Flirtations with Fashion

In response to The Daily Post’s writing prompt: “Futures Past.”

As a kid, what did you want to be when you grew up? How close or far are you from that vision?

When I was very young, I remembered making clothes for my Barbie doll. Stripping her naked and patching together pieces of scrap cloth and wrapping them around her to make clothes. I didn’t really play with her like many little girls do, I didn’t see the point. But as a dress mannequin, she had some utility.

In the closet in the dining room area hung an Izod Lacoste polo dress, navy blue, I think. Anyway, I never saw my mother wear it. I don’t know where it came from, was it given to her? This was the late sixties or maybe the early 70’s and I thought it was odd to have such a plain dress when everything else was plaid, paisley or floral prints.

I wondered what it looked like mens vintage izod lacoste alligator sweateron. It was different from everything else I had seen….what was up with that funny little alligator? I thought.

Truly, little things like the straight, shapeless polo dress, my white vinyl boots and the half naked Barbie contributed to my thoughts on fashion. I remember my mother dressing me for school one day in a skirt, yellow button down and a cardigan. I hated it- so plain, no pizzazz. After that day, I took the yellow button down and embroidered the outline of a little butterfly on the collar with multi-colored thread. There! I thought at the time, that jazzes it up nicely.

Upon announcing I wanted to be a fashion designer and/or an actress when I was still in elementary school, I got blanks stares from all the other little girls who wanted to be mommies or teachers. Nothing wrong with the mommy and teacher thing…..but it was just all they new in 1st grade.

There was a book read to us in second or third grade I think, called the Hundred Dresses about a Polish-American girl who The Hundred Dresses.jpgis taunted and bullied by the other girls because she only had one dress she wore everyday to school. And she would reply back that she had a hundred dresses and would describe them all…..great book and I won’t spoil the ending. I could relate to the girl on so many levels.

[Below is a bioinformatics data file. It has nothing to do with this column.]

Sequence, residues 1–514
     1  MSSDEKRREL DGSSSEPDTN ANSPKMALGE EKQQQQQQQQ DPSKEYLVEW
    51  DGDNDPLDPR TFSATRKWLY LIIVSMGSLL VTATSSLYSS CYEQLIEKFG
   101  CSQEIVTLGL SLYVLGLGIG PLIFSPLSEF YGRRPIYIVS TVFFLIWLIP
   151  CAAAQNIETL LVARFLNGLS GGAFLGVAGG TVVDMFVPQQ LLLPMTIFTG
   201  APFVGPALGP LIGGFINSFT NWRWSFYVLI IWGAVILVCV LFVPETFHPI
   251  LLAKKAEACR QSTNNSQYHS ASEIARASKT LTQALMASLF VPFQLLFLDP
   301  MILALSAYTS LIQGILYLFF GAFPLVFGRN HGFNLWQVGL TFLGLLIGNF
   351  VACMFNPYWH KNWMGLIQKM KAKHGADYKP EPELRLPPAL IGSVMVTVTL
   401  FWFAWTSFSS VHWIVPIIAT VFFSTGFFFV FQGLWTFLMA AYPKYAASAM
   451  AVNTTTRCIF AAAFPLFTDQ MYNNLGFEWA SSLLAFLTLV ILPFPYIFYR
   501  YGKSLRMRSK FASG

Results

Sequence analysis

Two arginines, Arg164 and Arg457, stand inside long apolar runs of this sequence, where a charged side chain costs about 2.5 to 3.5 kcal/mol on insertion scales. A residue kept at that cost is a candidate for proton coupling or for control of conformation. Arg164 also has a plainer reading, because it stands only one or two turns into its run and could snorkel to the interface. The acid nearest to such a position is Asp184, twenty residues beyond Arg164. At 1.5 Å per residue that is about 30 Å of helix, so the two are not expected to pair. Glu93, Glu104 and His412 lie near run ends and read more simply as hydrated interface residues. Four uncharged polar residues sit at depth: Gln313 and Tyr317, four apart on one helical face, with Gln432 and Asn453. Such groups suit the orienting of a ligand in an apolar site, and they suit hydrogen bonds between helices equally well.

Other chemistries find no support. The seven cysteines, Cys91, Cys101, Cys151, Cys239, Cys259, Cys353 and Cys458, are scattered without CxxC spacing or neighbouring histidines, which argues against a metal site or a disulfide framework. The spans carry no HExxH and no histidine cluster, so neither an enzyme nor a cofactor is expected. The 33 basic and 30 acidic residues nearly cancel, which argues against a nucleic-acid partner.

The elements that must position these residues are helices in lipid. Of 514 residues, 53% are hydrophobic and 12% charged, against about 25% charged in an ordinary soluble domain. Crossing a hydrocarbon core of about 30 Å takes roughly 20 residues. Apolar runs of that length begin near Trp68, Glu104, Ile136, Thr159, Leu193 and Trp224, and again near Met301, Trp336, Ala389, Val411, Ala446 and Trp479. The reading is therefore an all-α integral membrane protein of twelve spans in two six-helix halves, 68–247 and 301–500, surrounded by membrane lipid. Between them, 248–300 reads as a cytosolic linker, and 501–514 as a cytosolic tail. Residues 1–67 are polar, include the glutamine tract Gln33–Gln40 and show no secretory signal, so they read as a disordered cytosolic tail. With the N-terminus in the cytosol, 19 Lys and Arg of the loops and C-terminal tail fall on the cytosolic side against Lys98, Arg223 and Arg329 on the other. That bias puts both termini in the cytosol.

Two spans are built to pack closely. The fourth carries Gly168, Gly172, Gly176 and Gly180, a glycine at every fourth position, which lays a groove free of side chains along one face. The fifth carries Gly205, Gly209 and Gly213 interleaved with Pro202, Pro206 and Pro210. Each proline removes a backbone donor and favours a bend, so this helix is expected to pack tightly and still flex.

When I was in junior high, for Christmas, I got my first sewing machine. Pretty cool. My grandmother took great patience in teaching me how to lay out a pattern, cut the fabric, the importance of basting, how to sew a button hole. I made my first skirt. A green skirt with a side placket and button closure.

I still have it.

Fortunately, in the early 80’s wrap skirts were popular. I bought a pattern for the traditional wrap skirt and a front wrap pencil skirt. So simple to make with minimal fabric and no assistance needed once I figured out my size. I don’t know why I never asked for fitting help from my mother, but I didn’t.

In college, I brought that sewing machine with me. One rainy Saturday, I walked to the local fabric store and picked up some bright fuchsia fabric, while being observed by the local Mennonite women, especially the young daughter in her plain calico dress and hair bonnet. Mennonites are similar to Amish, but they are allowed to use public transportation. I must have looked like quite an exotic creature in my stripped capri pants, navy pea coat and beret.

I loved the 80’s. I think it was the best time to experiment with looks and styles. I could be preppy one day and punk the next, if I wanted to or just make up the fashion as I went along.

After being in retail for a few years and answering to the public, I realized the unexplored career of fashion designer was never going to match my temperament. Listening to people whine and complain, not my cup of tea. So I am not unhappy I didn’t explore it further. The passion for fashion is still there, but I feel more like a Tim Gunn than a Donna Karan.

I marvel at what a little butterfly sewing visionary I was….where is that sewing machine again?

Hand Embroidered Butterfly Towel from Children's Embroidery Class, Summer, 2008

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